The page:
The researchers “conducted an experiment where participants listened to sounds recorded from natural and artificial environments,” during which their brain activity was measured and autonomic nervous system activity was monitored. The research team found that activity in the “default mode network of the brain (a collection of areas which are active when we are resting) was different depending on the sounds playing in the background.” Long and short, when listening to natural sounds “the brain connectivity reflected an outward-directed focus of attention,” whereas artificial sounds caused the brain connectivity to reflect “an inward-directed focus of attention, similar to states observed in anxiety, post-traumatic stress disorder and depression.”  Interestingly, the change in brain activity depended on the participant’s stress level–those showing the greatest stress before the experiment “showed the greatest bodily relaxation when listening to natural sounds,” but those who were already relaxed showed “a slight increase in stress” when “listening to natural compared with artificial sounds.”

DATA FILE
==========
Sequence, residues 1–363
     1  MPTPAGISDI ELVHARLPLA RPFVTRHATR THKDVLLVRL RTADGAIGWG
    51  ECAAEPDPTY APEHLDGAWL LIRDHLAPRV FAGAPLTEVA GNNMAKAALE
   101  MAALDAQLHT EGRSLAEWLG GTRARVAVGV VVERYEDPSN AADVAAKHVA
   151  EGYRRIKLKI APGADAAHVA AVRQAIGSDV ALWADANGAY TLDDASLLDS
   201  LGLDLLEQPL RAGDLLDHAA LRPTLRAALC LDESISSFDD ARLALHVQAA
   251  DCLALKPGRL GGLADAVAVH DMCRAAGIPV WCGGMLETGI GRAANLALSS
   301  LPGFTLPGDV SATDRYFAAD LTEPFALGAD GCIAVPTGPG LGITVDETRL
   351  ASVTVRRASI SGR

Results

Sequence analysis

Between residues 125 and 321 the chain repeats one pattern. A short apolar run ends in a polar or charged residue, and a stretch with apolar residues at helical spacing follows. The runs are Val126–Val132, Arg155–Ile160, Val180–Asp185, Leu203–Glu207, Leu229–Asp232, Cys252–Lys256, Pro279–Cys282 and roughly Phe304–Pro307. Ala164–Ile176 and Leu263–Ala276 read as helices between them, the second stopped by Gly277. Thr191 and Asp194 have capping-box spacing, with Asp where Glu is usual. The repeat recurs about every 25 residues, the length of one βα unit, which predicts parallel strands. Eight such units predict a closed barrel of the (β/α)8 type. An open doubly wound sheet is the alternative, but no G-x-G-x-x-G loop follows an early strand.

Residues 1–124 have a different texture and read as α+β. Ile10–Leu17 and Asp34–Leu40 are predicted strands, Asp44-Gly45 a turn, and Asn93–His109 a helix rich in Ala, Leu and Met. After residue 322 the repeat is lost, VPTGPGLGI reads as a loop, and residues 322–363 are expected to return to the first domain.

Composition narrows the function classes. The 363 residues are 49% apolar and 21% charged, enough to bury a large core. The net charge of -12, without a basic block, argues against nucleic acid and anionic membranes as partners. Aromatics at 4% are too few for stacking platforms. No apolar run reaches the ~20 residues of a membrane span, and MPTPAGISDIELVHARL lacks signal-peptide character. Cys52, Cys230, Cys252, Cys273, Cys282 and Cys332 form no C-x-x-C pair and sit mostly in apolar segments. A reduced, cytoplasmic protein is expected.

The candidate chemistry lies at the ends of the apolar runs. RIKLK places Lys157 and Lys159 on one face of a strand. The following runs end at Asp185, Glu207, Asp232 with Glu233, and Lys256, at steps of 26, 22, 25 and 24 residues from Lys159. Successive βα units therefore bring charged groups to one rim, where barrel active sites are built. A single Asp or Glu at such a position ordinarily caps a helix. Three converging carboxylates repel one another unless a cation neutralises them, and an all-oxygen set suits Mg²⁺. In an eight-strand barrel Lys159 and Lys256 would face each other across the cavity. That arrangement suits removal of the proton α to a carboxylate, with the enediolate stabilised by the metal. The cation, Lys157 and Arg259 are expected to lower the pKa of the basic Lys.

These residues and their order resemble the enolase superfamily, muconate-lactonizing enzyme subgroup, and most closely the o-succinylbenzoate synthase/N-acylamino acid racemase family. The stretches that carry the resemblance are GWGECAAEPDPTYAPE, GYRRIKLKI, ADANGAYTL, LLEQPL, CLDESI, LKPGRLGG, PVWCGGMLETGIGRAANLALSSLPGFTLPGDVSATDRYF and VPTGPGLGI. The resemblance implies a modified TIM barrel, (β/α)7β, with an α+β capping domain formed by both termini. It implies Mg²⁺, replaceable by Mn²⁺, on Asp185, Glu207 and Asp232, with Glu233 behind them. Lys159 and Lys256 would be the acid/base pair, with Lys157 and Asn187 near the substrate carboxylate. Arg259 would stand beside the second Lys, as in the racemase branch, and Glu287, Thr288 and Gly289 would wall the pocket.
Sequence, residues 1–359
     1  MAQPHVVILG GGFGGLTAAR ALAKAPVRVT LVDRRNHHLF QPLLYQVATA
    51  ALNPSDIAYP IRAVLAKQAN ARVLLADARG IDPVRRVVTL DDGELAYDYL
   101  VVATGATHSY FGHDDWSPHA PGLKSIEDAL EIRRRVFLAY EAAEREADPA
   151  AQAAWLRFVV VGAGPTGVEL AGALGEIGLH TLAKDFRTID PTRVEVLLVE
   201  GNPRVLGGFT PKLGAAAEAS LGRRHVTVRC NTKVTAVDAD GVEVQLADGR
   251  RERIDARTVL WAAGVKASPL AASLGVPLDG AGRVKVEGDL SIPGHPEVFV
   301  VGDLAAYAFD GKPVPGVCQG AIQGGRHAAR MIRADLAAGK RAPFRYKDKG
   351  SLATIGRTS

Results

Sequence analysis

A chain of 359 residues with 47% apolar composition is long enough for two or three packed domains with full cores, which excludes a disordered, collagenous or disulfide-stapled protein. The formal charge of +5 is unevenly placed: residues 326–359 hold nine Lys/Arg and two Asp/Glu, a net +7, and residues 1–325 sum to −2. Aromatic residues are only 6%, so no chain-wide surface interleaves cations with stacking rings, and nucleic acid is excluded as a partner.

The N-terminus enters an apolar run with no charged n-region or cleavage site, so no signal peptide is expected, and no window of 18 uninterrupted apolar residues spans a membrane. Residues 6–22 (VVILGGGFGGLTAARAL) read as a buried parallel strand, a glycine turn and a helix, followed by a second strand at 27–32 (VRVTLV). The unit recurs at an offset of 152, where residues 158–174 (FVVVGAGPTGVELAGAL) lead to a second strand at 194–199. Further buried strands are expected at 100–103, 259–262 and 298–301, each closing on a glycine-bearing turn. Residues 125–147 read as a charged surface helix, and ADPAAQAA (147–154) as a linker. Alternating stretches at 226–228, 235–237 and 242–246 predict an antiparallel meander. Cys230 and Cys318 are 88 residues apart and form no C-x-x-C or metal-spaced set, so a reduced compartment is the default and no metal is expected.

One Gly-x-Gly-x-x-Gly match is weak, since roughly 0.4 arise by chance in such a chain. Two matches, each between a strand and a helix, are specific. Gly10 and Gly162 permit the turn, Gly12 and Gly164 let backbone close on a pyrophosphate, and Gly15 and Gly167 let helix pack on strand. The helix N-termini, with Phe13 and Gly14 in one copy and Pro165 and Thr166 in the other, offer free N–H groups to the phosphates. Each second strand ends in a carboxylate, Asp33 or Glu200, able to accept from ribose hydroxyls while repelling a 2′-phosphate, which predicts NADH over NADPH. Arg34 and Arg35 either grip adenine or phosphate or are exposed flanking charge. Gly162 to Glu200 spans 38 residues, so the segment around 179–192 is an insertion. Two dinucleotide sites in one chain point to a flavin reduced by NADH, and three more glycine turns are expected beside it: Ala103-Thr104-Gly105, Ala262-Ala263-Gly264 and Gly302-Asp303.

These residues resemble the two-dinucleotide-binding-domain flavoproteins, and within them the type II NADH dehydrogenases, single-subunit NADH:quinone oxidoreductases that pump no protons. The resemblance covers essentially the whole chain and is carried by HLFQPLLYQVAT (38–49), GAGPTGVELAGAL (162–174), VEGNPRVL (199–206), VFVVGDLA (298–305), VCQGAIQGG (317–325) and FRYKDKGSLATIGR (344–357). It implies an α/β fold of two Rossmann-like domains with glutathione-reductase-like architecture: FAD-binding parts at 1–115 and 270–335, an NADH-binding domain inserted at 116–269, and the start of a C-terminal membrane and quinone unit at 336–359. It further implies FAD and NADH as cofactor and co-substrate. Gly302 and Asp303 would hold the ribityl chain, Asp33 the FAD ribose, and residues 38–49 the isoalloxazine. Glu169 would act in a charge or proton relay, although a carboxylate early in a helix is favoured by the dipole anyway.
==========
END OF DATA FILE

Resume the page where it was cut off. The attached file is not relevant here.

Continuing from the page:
While helpful for treating people with anxiety, the study results will have a much greater reach. Science Daily notes that “the study of environmental exposure effects is of growing interest in physical and mental health settings, and greatly influences issues of public health and town planning.” Could a restful natural spot will be coming to your town?

Link via UK Noise Association.

Let’s hope this UK project comes to the U.S.:

Silence is golden in woodland for quiet reflection. Emily Flanagan, The Northern Echo, writes about Thorp Perrow Arboretum, a historic country estate, that is “the first garden in the north of England to take part in the Silent Space project, which invites public gardens to reserve an area where visitors can wander, or reflect silently away from phones and the distractions of modern life.” Flanagan tells us that Silent Space was the brainchild of garden writer Liz Ware, who felt that “[o]ur lives are very hectic and we rarely allow ourselves time to be quiet.”  Silent Spaces was established as a not-for-profit project in 2016, and a “handful of gardens that open to the public agreed to take part and to reserve an area where people could be silent.”

Click this link to learn more, including the rules governing silent spaces: